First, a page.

*2 Some of us deliberately appear like we really understood the subject 
more fully than we do. But others simply don't see that they don't 
understand, so they honestly believe they do. And those few who openly 
say the don't understand, really are the heroes.

*3 We've already seen this happen with templates. They got all grand and 
"hi falutin'", and got outside the reach of 90% of D users. That's not 
acceptable, no matter how good press it brings.

*4 It's like asking everybody on the street what the word "respect" 
means. You're liable to get as many different answers as the folks you 
asked. Bush, Blair, the Dalai Lama, or Nelson Mandela sure would give 
you different answers to what "democracy" is.

*5 Sometimes I sorely miss the BBS bulletin boards. They were strictly 
sequential (non-threaded), and a good moderator could easily see to it 
that the common discussion got one issue settled for good before 
tackling the next one. Some things just have to be sorted out before 
there's any use in discussing others.
Sep 12 2007
parent Mike Streatfield <dnewsgroup.c talyst.me.uk> writes:
Georg Wrede wrote:
 
 CONST
 
 Today we need to simply start with a clean slate with const.
 
 We need to go back to basics, to the actual needs that we want const to 
 cater for.
 
 We should also step back and give another try at enumerating (and
 sorting) the primary issues we are trying to achieve with const. Here
 again, every programmer and his granny seem to /really and fully/ know
 the what and the why. (*4) Before we can go further, we really need to
 be on the same board.

Lately, when programming in C++ I've found myself getting bogged down in whether I'm using const in the right places for the right things. When I recently switched to try out D for a new project, const really didn't seem to work in the same way at all so I dropped it, it was quite refreshing not to have to worry about where and when to use const in code and actually made me more productive. However, I have found I've been missing being able to use const in a couple of cases, both of which I use essentially as a safety net. I'm sure these are fairly common use cases and I've not used D 2.0, so for all I know these are covered already, but I thought I'd contribute them anyway, in case they help any. 1) When declaring parameters of functions. There are a lot of cases where I use const to ensure that I don't accidentally change values passed in from another source. C++'s *const syntax was especially useful for this (and const references, for that matter). For example: // Ok, I've not thought too hard about naming, but say I have // a game state enumeration and I want to update my game's // AI behaviour based on it. I wish to use gameState in the // function but ensure I don't accidentally change it. Even though // the funciton has a local copy of this int, I would rather // the compiler caught any deviation from my intention. void updateAIBehaviour(const int gameState) { gameState = ROBOTS_ATTACK; // Compiler error here. } 2) Essentially the same case, but when generating variables internally. I actually prefer Java's final syntax here, but C++ const is almost good enough. The idea is setting a variable once and not changing it after, for the same reasons as the previous case. // Generate a height value for a terrain heightmap given the x and // z values on the horizontal plane. int generateHeight(int x, int z) { // I wish to calculate cx once and maintain it's value // henceforth const int cx = x - OFFSET_X; cx = 37; // Compiler error. }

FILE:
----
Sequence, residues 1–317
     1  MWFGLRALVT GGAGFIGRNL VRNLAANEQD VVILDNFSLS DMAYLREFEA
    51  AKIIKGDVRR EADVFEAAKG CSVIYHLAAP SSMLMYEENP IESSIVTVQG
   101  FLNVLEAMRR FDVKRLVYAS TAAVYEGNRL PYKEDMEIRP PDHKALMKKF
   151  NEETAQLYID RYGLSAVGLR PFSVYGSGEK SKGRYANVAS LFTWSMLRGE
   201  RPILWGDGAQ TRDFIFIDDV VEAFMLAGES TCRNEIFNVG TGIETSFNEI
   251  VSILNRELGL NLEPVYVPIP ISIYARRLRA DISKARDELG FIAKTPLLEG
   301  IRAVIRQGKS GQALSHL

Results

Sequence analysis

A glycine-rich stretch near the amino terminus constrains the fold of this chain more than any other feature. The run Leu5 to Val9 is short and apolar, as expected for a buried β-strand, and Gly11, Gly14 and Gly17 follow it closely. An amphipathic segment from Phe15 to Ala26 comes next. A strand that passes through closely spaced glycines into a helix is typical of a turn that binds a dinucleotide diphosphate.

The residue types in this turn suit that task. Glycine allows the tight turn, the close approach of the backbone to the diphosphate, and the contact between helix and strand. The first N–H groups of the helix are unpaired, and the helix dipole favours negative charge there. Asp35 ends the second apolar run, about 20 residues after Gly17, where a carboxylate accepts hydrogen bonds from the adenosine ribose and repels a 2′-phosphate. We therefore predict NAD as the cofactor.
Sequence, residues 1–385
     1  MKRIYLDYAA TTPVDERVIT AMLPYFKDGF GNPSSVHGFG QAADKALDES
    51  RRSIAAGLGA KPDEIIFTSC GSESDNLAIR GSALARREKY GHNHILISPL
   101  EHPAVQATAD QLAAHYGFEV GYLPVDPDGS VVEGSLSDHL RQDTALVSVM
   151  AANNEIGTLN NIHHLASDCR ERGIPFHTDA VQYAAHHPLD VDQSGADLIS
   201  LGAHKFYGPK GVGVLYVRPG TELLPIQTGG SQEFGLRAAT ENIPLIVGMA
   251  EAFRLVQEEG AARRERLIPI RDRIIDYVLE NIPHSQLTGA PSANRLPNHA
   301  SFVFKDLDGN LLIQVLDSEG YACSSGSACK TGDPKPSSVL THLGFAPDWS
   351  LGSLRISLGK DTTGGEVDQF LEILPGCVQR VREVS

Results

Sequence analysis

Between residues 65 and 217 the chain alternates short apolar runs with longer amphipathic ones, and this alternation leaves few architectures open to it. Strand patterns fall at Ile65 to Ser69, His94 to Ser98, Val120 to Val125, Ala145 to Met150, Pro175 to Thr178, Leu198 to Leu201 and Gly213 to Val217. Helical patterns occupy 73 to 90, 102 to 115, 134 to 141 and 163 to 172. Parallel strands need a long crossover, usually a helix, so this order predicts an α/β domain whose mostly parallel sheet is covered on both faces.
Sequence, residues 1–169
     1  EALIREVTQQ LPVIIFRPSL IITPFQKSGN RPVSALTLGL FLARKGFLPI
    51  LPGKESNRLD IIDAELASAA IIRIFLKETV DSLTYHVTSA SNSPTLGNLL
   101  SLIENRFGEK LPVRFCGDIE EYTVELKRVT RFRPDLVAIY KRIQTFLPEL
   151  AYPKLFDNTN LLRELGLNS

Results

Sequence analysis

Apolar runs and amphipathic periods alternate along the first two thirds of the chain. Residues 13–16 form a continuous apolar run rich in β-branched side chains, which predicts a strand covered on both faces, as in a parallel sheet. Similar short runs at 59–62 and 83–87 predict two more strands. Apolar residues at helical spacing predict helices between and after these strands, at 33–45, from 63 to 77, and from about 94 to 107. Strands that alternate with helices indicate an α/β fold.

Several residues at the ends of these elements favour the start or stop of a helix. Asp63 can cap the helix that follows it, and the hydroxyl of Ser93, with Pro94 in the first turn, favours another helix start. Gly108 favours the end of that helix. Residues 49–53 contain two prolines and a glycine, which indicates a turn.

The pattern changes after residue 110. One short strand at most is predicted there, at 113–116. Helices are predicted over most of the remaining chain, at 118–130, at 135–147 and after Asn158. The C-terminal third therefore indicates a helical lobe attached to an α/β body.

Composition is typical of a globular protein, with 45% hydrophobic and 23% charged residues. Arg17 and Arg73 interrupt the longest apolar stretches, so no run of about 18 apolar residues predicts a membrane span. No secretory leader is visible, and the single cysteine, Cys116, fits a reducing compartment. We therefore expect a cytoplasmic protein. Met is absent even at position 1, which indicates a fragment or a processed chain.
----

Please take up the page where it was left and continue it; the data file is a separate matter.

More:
Sep 13 2007